2022-2023 Power & Enchantment

Power & Enchantment

Power & Enchantment

This year, Humanities at UR is exploring the theme of Power and Enchantment. While the story of modernity is often told as a triumph of secular, universal reason over “enchanted” worldviews, our theme focuses on how enchantment remains crucial in our world. The theme is meant to include projects such as: 1) studies of religion, magic, witchcraft, alchemy, and so on as historical, cultural, and political phenomena; 2) investigations into the ways contemporary scientific and cultural thought reignites questions about the “aliveness” of the world and the “agency” of nonhuman entities and systems; 3) studies of how people become enchanted by power and those perceived to be powerful; and 4) remembering that “enchantment” is etymologically related to singing, explorations of how aesthetic or artistic texts and experiences shape our sense of worlds, including by generating feelings like wonder and awe.

Shakers at the Center

Shakers at the Center

Thursday, November 10, 7 p.m.

Brown-Alley Room of Weinstein Hall

Please join the Department of Religious Studies for "Shakers at the Center," an academic symposium examining the history of the famed nineteenth-century American communitarians. Visiting scholars Brett Grainger (Villanova University) and Dana Logan (UNC-Greensboro) will discuss works of art and unusual rituals created by members of the sect during a period of intense spiritualism known as the Shaker Era of Manifestations (1837-1850s).

Sponsored by the A&S Dean’s Office, this event is free and open to the public.

Film Screening: Framing Agnes

Film Screening: "Framing Agnes"

Join the Humanities at UR for the first screening of the award-winning documentary Framing Agnes in Virginia, followed by a conversation with the film’s director, Chase Joynt, and Johns Hopkins historian Jules Gill-Peterson, author of Histories of the Transgender Child, and one of the crucial voices in the film. 

About the film:

After discovering case files from a 1950s gender clinic, a cast of trans actors turn a talk show inside out to confront the legacy of a young trans woman forced to choose between honesty and access.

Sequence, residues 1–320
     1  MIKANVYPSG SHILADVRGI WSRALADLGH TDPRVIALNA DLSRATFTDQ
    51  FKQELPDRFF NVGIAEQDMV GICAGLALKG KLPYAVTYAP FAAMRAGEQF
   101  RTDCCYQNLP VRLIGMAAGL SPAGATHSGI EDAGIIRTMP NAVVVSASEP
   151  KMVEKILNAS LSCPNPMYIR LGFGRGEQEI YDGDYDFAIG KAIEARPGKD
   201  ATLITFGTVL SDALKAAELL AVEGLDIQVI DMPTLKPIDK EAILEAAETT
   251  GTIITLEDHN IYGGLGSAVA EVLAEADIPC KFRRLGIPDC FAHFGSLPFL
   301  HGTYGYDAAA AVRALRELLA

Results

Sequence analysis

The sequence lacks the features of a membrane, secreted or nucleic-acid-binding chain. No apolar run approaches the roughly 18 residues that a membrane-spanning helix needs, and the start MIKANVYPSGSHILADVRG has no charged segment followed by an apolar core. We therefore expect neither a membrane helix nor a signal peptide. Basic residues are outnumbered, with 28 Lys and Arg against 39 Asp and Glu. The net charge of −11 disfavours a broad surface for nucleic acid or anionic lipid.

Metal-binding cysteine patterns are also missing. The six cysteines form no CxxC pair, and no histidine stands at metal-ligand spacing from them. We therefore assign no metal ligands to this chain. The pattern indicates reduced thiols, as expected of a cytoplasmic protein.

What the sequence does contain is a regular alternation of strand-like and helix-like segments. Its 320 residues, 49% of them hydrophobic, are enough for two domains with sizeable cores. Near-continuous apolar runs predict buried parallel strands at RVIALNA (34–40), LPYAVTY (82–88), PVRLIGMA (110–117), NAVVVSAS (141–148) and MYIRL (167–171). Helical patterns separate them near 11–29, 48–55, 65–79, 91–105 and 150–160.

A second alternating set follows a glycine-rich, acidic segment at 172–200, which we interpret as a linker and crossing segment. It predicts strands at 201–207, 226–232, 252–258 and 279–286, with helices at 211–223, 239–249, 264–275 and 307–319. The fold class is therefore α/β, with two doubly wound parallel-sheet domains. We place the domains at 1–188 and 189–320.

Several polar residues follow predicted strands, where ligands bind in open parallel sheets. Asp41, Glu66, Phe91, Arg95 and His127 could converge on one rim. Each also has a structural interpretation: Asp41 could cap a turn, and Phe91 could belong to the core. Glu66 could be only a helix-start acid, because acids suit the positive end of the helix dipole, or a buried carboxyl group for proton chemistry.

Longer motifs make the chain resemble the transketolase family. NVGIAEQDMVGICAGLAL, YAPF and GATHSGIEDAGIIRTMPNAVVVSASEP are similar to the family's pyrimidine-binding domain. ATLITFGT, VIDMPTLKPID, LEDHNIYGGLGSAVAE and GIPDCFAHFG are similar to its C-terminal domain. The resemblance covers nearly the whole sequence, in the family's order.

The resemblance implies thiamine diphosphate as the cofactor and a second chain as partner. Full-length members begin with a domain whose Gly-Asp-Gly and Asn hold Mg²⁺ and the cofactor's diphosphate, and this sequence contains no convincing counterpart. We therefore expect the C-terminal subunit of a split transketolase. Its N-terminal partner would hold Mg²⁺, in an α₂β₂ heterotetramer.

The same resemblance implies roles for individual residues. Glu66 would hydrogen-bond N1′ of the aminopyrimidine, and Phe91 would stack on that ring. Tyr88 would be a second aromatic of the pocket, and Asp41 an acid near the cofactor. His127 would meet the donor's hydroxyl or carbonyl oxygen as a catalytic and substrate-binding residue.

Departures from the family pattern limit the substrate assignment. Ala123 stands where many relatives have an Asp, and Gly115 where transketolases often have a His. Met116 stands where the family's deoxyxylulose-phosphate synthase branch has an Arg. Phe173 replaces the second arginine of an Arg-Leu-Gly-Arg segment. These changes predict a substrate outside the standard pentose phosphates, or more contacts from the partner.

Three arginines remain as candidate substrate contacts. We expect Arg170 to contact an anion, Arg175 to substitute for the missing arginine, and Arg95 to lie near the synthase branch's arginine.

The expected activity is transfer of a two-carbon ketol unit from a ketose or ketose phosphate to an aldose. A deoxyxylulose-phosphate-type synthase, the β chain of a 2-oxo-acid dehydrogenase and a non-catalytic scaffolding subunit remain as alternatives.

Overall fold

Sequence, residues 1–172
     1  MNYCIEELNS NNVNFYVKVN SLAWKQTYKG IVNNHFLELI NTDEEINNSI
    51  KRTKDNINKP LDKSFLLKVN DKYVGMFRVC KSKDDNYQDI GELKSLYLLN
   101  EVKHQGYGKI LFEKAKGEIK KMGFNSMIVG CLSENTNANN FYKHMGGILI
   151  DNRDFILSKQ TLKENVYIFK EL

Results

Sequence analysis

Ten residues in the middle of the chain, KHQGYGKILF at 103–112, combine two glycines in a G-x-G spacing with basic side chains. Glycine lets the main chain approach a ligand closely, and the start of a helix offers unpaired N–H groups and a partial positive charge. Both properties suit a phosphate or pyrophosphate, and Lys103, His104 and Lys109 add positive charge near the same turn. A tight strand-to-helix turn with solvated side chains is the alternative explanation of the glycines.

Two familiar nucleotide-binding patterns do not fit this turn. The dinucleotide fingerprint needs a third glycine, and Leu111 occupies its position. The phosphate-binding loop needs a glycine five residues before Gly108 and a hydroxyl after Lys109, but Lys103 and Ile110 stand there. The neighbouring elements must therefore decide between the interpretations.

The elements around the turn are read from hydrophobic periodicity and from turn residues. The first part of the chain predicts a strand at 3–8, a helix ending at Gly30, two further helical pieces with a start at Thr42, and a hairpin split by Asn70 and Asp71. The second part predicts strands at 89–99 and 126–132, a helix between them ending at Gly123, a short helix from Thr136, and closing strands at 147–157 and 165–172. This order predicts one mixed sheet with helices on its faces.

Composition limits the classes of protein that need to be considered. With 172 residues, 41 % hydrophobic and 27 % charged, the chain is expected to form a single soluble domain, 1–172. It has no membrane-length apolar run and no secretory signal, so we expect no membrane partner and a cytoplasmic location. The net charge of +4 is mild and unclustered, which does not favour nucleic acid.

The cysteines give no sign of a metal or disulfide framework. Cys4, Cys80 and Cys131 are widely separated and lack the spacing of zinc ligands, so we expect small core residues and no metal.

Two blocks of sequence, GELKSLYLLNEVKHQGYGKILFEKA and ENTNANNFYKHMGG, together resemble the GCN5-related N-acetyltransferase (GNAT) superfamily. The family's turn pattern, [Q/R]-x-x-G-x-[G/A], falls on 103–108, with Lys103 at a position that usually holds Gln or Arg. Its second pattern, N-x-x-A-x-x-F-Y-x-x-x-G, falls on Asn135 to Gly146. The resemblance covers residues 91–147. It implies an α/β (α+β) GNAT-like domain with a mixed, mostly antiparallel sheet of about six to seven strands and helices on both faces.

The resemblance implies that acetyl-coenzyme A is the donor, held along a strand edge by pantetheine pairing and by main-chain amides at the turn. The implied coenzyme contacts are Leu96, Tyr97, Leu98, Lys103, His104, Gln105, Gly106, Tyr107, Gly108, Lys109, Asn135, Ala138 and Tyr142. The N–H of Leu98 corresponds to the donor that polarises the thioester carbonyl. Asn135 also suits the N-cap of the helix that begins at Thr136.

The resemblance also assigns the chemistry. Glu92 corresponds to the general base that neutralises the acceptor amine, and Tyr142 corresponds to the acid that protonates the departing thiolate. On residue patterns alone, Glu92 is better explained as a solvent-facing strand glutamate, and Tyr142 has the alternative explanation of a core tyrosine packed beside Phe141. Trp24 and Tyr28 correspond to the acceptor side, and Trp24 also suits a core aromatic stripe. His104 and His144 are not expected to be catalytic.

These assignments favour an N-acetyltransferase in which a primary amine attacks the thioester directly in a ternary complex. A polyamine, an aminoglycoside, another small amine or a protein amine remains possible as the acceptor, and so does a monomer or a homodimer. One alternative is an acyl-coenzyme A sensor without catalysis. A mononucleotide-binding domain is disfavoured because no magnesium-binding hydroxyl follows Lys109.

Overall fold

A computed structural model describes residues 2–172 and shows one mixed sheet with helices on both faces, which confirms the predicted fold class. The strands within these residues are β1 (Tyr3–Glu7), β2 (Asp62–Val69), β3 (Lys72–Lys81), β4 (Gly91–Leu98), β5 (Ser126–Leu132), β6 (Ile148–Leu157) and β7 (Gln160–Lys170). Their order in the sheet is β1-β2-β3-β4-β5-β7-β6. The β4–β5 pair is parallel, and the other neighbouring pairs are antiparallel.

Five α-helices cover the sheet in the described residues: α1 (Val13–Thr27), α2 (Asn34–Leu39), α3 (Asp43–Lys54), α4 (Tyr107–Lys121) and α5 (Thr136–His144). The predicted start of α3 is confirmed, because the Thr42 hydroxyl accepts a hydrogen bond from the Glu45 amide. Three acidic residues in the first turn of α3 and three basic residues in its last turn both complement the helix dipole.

Agnes, the pioneering, pseudonymized, transgender woman who participated in Harold Garfinkel’s gender health research at UCLA in the 1960s, has long stood as a figurehead of trans history.

In this rigorous cinematic exercise that blends fiction and nonfiction, director Chase Joynt explores where and how her platform has become a pigeonhole. Framing Agnes endeavors to widen the frame through which trans history is viewed — one that has remained too narrow to capture the multiplicity of experiences eclipsed by Agnes’.

Through a collaborative practice of reimagination, an impressive lineup of trans stars take on vividly rendered, impeccably vintage reenactments, bringing to life groundbreaking artifacts of trans healthcare.

Joynt’s signature form-rupturing style radically reenvisions the imposition of the frame on the cultural memory of transness through his brilliantly crafted, communally-driven excavation. This reclamation tears away with remarkable precision the myth of isolation as the mode of existence of transgender history-makers, breathing new life into a lineage of collaborators and conspirators who have been forgotten for far too long.

“This film can save lives.”

These words were spoken by the head of New York City’s Film Forum at the theatrical release of Framing Agnes in December, 2022. At a time when several states — most notoriously Texas and Florida, but also just this week Utah — are moving to limit and criminalize trans/gender-affirming health care practices (and restrict pronoun usage, restroom access, etc.), this film’s interventions are urgent, necessary, indeed, possibly literally life-saving.